The Racial Equity of Reality Television

Reality television shows have fast become the next great American pathology and that is not such a good thing. But in the interest of good humor I will at least say that reality television is fair. Fair in what regard, you ask? Well, for starters, the origin of this blog post can be attributed to a facebook status update I posted regarding Black television sitcoms. I essentially asked what happened to the good, wholesome, family oriented programs such as Family Matters, Hanging with Mr. Cooper, and The Bill Cosby Show, just to name a few. After a few comments, I responded by saying that Black television shows have now been dominated by reality television that places Black folks in a negative light. However, I will admit that there are some positive Black reality television shows out there. Unfortunately, these positive programs are grossly overshadowed by the “coonery” we see on most other reality oriented programs. Yes, ladies and gentlemen, I used the word “coonery” to describe the behavior of African-Americans. And as an African-American I believe I have the right to engage in a self-critique of the Black Community. But I digress and that is a conversation for another day.

This facebook post then got me thinking about America’s fascination with reality television in general. But if I really wanted to be controversial I’d use the word obsession rather than fascination. So let us entertain that notion of obsession. A part of me feels like this obsession stems from an inherent sense of boredom that is an unfortunate byproduct of America’s fluctuating unemployment rate. Because people are unemployed they are now spending more time at home. As such, they have plenty of time on their hands to watch television. Now, I will assume (and yes I know the adage) for a moment that many of these unemployed people are deeply upset about their disposition and are looking for an escape from their misery. For the sake of this post, let’s call this form of escapism vicarious living. Now this is not to say that the audience of reality television consists only of unemployed. I only used that example to highlight the example of vicarious living. But all of us have a desire to live vicariously through someone else. It’s the reason we go to the movies, read books, watch sports, and play videogames.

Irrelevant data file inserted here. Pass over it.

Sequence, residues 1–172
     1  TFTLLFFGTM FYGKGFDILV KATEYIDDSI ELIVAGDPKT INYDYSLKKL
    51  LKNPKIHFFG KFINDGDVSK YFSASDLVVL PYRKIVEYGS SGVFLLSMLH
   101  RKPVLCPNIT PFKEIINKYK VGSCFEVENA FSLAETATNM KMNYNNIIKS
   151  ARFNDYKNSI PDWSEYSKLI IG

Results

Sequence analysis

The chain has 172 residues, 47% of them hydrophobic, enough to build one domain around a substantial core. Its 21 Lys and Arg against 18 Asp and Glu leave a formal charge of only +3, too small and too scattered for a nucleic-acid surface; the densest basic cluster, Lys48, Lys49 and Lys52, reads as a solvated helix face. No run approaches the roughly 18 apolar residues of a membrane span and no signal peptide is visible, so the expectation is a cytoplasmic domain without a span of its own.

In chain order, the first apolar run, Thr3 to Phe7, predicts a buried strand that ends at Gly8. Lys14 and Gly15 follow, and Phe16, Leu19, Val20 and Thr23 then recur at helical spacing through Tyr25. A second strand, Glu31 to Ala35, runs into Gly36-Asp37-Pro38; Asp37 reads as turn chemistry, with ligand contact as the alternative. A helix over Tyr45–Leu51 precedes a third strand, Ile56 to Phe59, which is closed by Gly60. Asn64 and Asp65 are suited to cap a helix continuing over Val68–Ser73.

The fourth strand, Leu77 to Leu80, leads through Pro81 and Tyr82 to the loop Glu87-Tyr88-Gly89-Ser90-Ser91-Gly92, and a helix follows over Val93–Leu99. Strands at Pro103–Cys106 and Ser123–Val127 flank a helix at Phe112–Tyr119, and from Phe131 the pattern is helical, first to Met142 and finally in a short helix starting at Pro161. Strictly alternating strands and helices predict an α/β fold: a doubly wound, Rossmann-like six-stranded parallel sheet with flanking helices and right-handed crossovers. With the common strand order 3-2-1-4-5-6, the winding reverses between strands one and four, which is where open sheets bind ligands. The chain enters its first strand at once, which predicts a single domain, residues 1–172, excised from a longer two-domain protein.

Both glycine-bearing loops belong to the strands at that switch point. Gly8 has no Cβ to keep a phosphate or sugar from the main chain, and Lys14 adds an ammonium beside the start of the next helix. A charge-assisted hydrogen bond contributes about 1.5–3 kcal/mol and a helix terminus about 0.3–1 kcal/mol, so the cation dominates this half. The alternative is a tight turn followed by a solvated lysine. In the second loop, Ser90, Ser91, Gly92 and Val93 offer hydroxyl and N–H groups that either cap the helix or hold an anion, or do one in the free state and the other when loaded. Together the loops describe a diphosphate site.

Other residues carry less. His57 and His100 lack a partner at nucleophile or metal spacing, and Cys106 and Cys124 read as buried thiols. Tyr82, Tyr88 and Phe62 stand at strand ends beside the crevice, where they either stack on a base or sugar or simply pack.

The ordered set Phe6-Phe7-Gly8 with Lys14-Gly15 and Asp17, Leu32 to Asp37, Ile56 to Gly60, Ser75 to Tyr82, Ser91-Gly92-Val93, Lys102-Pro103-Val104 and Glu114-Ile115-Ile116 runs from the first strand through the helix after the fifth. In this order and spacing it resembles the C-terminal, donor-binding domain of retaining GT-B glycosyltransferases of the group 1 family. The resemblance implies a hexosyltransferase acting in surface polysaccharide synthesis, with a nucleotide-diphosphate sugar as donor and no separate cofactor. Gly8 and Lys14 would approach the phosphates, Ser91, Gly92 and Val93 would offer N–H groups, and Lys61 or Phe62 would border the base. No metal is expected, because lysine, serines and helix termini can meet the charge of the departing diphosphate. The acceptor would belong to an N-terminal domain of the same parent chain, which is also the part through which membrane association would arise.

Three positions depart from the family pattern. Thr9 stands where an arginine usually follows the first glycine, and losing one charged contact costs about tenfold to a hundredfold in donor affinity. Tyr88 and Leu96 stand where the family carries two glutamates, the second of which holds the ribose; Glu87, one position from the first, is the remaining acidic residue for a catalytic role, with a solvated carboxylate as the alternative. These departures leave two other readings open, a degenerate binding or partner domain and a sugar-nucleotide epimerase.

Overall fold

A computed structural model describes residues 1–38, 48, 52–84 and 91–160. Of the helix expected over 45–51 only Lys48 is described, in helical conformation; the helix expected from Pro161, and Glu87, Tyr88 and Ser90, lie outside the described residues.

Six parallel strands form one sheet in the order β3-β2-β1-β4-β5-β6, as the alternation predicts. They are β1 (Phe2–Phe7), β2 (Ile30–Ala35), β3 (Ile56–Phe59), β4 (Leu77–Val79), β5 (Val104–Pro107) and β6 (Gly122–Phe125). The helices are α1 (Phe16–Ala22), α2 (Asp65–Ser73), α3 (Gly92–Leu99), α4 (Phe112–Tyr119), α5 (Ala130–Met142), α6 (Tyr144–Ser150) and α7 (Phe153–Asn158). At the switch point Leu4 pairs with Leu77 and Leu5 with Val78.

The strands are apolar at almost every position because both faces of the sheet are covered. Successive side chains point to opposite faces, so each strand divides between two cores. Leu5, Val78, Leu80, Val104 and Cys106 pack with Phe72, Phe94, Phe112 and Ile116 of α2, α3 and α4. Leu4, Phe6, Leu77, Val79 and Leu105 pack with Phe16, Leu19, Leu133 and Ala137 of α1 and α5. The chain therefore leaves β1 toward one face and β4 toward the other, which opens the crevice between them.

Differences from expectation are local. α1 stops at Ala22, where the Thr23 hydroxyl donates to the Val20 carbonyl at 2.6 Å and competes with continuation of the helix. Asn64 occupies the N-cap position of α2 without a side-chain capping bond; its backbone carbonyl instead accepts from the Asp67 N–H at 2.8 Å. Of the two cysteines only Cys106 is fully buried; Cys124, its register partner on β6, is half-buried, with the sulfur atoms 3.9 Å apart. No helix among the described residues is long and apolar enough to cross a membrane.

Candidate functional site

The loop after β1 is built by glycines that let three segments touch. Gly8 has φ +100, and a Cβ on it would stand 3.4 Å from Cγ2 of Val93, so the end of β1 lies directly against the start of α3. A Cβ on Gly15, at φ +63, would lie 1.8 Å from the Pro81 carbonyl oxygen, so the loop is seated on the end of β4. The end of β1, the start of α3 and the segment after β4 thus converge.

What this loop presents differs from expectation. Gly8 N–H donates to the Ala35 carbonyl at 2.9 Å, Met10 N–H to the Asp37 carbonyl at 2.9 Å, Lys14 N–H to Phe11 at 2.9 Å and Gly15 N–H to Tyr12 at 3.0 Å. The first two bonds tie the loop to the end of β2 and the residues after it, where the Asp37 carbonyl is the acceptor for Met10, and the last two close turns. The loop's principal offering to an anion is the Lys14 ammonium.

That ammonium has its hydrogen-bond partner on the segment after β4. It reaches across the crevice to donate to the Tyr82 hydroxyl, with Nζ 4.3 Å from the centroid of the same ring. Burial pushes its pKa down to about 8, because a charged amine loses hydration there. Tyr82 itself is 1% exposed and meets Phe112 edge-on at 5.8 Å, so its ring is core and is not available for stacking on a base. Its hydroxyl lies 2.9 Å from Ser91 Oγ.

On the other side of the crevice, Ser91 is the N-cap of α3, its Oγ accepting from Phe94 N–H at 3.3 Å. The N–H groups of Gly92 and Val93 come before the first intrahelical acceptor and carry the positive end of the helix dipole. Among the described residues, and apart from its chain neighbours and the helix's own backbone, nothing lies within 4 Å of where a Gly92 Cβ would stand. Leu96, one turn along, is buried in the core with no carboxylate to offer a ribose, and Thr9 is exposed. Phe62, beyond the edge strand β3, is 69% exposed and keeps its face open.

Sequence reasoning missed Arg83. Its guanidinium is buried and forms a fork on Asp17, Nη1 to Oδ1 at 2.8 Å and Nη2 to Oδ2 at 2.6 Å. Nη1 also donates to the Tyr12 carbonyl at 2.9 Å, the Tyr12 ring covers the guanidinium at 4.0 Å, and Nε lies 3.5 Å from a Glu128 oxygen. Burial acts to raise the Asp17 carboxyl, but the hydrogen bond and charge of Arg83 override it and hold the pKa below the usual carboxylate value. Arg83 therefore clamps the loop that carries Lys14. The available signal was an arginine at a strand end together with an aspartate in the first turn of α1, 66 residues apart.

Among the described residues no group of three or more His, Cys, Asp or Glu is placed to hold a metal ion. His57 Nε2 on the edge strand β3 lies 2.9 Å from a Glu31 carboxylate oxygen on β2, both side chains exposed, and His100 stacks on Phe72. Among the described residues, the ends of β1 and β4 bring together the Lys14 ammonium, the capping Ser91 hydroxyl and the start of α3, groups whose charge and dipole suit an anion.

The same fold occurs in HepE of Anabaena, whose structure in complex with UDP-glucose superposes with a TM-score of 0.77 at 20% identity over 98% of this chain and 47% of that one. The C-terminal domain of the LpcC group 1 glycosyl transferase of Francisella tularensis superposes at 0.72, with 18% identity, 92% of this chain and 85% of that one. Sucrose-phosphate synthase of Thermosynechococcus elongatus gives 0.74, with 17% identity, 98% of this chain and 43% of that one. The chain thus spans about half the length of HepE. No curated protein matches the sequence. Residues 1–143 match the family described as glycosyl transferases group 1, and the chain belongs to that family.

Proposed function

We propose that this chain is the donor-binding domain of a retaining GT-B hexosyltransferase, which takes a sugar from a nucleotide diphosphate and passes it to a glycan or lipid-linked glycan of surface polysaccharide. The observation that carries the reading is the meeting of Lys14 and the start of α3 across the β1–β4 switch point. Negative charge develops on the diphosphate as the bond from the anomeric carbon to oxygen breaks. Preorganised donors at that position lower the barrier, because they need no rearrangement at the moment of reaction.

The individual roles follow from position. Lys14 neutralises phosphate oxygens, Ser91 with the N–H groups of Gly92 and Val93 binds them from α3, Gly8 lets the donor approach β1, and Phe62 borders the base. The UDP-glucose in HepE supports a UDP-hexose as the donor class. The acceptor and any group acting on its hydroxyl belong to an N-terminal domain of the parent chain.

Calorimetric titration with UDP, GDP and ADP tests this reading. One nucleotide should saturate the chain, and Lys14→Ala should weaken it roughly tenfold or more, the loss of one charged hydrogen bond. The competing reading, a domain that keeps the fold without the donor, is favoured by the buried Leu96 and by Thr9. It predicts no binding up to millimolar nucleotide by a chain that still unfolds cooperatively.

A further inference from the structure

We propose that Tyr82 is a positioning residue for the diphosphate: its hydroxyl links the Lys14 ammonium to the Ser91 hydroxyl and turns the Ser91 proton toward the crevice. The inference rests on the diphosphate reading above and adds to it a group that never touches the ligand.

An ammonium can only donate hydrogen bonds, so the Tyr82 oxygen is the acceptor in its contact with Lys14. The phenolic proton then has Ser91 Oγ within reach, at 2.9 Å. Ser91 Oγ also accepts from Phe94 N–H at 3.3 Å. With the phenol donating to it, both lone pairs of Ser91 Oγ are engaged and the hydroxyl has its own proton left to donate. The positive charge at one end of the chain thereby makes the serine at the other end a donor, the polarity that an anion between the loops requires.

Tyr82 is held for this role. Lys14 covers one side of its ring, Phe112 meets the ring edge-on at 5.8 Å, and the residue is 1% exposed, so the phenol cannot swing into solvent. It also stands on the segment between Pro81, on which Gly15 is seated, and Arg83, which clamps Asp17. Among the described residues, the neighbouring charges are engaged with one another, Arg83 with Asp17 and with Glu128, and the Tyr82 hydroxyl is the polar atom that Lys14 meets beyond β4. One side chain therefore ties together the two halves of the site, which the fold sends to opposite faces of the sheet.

Where is the evidence of this obsession? Just because someone likes to watch a particular program doesn’t mean they are obsessed. Yes, that is correct. But the obsessive aspect of reality television does not necessarily involve the viewer but rather the television networks. The ever-increasing volume of reality telvision program should serve as ample evidence of this obsession. The airwaves are completely inundated with reality shows for nearly every conceivable occupation, lifestyle, culture, subculture, etc… The obsession also includes the participants as well. Everyone is scrambling to make a name for themselves, even if it costs them their last shreds of personal dignity. Some people will do anything to get noticed and sometimes its those very same action that lead to their downfall. People are obsessed with telling their story and even more people are willing to be exhibitionists. Yet, in many instances, the audience is ridiculing rather than admiring the individuals they see on the tube. And lastly, the audience is made up of a collective of voyeurs who derive pleasure (let’s not make this sexual, folks) from watching others whore themselves out for the rest of us to see. We feel like we are being let in on some secret that really isn’t a secret because everyone else is watching. There is a certain degree of excitement we obtain from looking on people interacting within the privacy of their own home. And that is also sort of creepy when you really think about it.